Pacerpole preparation

For my September top-up camino this year I will be taking Pacerpoles! Not the alloys, but a pair of carbons, very kindly supplied by Heather at for me to try out and compare to the alloys. The reduced weight of the actual carbon pole means the centre or point of gravity is slightly different to the alloys, and so far it seems this subtle change suits me great. I have sent the poles ahead to Ivar’s storage in Santiago and will pick them up there before I get the bus to my starting point. I have been taking short walks (<5km) with my alloys lately and although it still feels slightly unfamiliar having them there, it also feels very good. I know I am straightening my back and keeping a better posture, breathing better, feeling better, and I don’t get the swollen hands anymore even on long walks on hot days.

An odd thing I have noticed in the last couple of years is that I get a sore back when I walk for any decent length without a pack! it’s like the harness works as a brace and supports me – now I think I have found a different and better solution: Pacerpoles. My GP even commented that I sit up straight on the chair now instead of instinctively leaning back and slumping against the back rest. So the effect seems to last, it’s not only when I am actually walking with them. Hopefully walking with them even for shorter walks will make a real difference rather than just getting them out when I have the time and inclination to go walking all day.

I am planning on making a few other changes to my camino regime and kit this time, but the Pacerpoles will be by far the biggest. They do weigh more than ultralight conventional poles but are meant to be used and not carried, so as long as I am walking with them the weight is not an issue. My Osprey Tempest 30L pack has a so called Stow-on-the-go trekking pole attachment, a bungee system which allows me to stow the poles away while still walking and keep them out of the way. I am hoping that I won’t use it much but it is really handy for stops, as any poles are prone to falling over if you lean them up against a wall – also people have walked off and forgot about them (I can’t see that happening but am taking no chances).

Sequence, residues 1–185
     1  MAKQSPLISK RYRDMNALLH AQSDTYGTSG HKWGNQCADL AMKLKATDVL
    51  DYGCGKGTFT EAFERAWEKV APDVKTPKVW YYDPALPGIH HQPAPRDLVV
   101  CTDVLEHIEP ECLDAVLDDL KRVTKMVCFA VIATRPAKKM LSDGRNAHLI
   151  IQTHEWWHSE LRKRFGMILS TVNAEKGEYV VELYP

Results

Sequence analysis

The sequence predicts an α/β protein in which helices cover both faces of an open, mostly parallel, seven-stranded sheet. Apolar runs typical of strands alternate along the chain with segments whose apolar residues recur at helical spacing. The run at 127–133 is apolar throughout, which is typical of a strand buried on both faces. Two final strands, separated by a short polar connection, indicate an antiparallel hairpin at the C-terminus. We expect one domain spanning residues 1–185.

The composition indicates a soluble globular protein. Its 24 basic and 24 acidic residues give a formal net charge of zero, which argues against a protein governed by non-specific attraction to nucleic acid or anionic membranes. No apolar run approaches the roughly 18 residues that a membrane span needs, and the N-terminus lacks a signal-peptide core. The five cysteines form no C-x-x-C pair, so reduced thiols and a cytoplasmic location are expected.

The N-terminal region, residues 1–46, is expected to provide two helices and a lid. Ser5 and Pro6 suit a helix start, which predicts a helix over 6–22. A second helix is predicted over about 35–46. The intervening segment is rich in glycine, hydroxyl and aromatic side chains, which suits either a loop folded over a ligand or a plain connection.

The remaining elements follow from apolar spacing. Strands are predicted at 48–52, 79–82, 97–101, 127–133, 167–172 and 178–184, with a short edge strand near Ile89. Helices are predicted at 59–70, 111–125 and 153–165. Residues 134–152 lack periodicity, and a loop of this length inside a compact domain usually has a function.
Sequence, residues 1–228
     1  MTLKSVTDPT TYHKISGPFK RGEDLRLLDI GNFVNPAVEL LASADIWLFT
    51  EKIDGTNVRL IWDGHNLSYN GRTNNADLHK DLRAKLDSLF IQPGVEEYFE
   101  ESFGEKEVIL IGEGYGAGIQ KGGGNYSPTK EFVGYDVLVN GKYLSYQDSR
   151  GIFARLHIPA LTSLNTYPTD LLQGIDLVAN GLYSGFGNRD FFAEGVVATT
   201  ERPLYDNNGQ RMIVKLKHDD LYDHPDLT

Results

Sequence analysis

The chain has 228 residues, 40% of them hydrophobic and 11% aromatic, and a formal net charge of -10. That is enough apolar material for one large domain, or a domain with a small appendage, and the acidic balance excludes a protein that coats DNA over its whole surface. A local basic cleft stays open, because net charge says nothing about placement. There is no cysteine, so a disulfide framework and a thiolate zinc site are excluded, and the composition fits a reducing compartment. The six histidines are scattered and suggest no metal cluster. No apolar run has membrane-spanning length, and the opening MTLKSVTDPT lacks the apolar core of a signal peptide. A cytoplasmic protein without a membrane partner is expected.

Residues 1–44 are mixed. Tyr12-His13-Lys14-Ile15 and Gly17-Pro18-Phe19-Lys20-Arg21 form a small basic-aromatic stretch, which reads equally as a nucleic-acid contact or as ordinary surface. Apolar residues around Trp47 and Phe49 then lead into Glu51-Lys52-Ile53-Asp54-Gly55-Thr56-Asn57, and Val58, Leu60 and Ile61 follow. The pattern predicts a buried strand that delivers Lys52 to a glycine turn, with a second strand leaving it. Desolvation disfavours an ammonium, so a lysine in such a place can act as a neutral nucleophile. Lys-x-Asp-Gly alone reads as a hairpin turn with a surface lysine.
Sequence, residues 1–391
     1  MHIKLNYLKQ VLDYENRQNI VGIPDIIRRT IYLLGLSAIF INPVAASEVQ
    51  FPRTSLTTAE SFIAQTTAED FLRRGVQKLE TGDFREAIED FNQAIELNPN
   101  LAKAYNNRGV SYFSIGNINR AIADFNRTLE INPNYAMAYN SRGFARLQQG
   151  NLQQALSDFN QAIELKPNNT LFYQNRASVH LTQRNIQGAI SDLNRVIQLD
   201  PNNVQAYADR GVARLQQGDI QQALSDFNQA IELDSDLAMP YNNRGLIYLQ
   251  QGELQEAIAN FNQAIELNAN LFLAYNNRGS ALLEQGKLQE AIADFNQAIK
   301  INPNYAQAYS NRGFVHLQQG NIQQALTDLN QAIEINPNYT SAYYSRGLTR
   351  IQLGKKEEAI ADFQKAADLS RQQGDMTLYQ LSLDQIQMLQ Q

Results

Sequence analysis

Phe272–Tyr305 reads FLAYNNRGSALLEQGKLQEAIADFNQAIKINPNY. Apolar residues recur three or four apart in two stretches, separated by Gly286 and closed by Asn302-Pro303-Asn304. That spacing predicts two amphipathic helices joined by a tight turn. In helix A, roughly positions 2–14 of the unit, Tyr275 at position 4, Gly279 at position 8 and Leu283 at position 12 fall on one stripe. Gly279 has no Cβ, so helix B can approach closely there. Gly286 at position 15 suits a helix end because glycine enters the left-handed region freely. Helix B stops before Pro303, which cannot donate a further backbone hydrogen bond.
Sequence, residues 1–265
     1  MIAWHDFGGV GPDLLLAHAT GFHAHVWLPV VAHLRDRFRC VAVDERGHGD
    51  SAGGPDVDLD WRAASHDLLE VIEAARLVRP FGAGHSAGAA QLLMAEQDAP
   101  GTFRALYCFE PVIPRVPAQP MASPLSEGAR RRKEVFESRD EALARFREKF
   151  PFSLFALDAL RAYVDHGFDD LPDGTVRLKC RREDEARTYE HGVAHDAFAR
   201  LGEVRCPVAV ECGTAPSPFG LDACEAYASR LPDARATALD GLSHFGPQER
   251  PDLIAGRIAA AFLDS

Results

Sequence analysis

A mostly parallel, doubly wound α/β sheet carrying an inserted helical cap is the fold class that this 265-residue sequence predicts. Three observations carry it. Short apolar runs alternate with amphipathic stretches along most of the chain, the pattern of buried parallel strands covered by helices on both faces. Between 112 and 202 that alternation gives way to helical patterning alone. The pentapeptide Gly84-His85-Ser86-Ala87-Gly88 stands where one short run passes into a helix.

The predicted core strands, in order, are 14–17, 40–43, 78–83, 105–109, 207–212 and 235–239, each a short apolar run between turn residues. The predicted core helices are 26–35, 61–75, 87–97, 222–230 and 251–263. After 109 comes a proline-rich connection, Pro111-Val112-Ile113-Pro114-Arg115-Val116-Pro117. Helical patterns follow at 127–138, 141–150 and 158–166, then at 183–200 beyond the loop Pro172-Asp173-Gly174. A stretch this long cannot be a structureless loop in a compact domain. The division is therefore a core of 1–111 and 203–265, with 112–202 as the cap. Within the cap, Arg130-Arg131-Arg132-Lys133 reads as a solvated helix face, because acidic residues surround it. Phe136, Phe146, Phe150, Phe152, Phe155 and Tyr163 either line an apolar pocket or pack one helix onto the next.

The only problem with the poles right now is that I automatically power walk with them (YMMV) and I am working on slowing down. I am getting pretty good at going up and down hill and pavements though, I decided today that I felt kinda like a four wheel drive, but I suppose I should say a four legged rocket!

If you want to see Heather herself in action pacerpoling and explaining how to correctly adjust the poles, or Pacerpole users reviewing them, have a look at YouTube.

7 thoughts on “Pacerpole preparation

  1. Were you previously using Pacerpole alloys, other poles, or none? (Sorry if you have said so, but I don’t remember and am too lazy to review other posts!

    1. Hi Clare, I have never used any kind of poles for the camino, but I shared a pair of cheap conventional poles with my walking companion in Norway for a week. After that I bought a pair of Pacer alloys but have only used them for power walking locally. Looking forward to having them on some of the long (and flat) stretches after Astorga though. Never used poles for serious up or down hillage – should be interesting!

  2. I’m happy to hear someone else touting Pacerpoles. I used them walking the Camino twice and absolutely LOVE them!!! They help my balance, posture, pace AND stamina. Buen Camino, my friend. ❤

    1. Thanks, Debbie! Yes I am spreading the word everywhere I go and will let other pilgrims try them (briefly) along the way if they ask. Glad to hear they worked for you twice – I have never used poles before on the Way but I do walk a section of it every year for my health and zen, and hope the Pacerpoles can contribute to making the walk even more enjoyable. Can’t wait to walk down to Molinaseca and up to O Cebreiro!

    1. Well with a four week love-them-or-return-them guarantee, what have you got to lose? Imagine the extra rocket power along the meseta…

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